I don't think a spade like this will last long under 24/7 field conditions but for camping etc. it might be quite nice
90% of the functions shown are what the standard German tool should be able to do too. The wire cutter was the best new addition. Anchor? Shield? LOL, yeah sure. Own experience: 3 days out in the field, 4 ETs had to be replaced in a 12 men squad.
Durability is indeed a problem with many multi-function tools.Maybe it takes simply a bit more weight + more expensive materials and processes to make really reliable tools.
Is your answer about the spade or the chinese grunts? (Just kidding)
http://www.youtube.com/watch?v=D0-P9nPBRas&feature=relatedMost of those things can easily be done by a normal two-joint foldable military spade/E-tool. The one Fiskars makes is very decent as it has a better grip, lighter weight (maybe), compacter size, is mode durable and comes with guarantee not to die on you in the field. Used it during my service and was spectacular.About the "knife" -esque functions of that thing I only have to say this: After digging a foxhole in muddy earth, do you either use A your E-tool or B your bayonet to slice up a potato? Thought so...Besides, most decent bayonets come with a wire-cutter that is electrically insulated, unlike that spade where if the wire carried current, the operator would be fried.Furthermore, the spade is very flat in profile and the fact it can be sharpened to a point where it can be used as a knife says a lot about its carbon percentage and material strength ie. it's going to break when its cold and you hit a stone with it.I chewed through permafrost with my Fiskars...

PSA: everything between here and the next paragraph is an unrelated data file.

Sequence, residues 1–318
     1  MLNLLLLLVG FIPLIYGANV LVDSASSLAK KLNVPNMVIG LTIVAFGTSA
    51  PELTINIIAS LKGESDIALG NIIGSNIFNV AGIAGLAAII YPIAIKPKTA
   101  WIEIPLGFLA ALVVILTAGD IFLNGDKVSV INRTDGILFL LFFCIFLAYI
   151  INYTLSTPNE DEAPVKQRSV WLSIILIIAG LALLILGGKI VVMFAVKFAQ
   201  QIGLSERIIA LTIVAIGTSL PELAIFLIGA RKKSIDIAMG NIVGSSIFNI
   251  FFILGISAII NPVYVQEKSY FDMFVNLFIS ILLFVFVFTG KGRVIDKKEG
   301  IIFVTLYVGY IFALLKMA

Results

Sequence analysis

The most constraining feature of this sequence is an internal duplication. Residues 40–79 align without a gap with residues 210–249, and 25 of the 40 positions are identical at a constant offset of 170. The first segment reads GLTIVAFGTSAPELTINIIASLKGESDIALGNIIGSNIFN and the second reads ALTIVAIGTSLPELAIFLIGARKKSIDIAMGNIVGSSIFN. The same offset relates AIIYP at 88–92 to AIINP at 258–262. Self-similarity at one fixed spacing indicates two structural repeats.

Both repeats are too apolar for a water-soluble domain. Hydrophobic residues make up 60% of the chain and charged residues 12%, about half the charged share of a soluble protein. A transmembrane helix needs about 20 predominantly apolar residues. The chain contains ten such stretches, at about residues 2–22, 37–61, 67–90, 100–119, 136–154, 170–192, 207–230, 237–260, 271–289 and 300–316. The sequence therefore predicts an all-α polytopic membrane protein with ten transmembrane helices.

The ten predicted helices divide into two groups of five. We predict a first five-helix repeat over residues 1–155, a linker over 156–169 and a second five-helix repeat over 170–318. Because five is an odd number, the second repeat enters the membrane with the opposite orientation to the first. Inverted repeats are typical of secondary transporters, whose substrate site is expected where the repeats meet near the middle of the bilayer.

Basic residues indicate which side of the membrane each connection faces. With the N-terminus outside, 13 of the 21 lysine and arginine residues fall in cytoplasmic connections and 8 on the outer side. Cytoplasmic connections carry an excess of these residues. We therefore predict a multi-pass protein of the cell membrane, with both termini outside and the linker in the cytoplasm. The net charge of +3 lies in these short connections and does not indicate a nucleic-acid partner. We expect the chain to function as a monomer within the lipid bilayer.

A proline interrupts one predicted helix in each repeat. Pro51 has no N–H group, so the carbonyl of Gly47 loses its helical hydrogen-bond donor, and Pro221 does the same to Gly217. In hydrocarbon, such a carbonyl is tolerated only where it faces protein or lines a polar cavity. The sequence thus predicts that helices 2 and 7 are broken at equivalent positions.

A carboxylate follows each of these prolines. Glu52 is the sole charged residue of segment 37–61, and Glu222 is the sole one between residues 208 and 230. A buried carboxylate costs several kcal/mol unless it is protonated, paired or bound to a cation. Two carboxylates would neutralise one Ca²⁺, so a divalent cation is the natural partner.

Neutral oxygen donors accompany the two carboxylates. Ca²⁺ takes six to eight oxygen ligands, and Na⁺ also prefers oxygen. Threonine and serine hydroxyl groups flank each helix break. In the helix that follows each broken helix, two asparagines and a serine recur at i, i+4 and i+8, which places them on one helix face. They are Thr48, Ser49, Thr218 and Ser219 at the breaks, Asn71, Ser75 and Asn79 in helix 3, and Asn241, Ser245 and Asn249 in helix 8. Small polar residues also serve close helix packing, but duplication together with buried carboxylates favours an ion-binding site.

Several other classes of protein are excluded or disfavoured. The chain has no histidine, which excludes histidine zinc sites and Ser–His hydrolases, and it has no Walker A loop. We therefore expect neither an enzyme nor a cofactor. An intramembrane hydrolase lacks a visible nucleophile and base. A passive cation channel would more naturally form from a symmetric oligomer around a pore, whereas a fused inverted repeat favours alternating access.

Note: only a member of this blog may post a comment.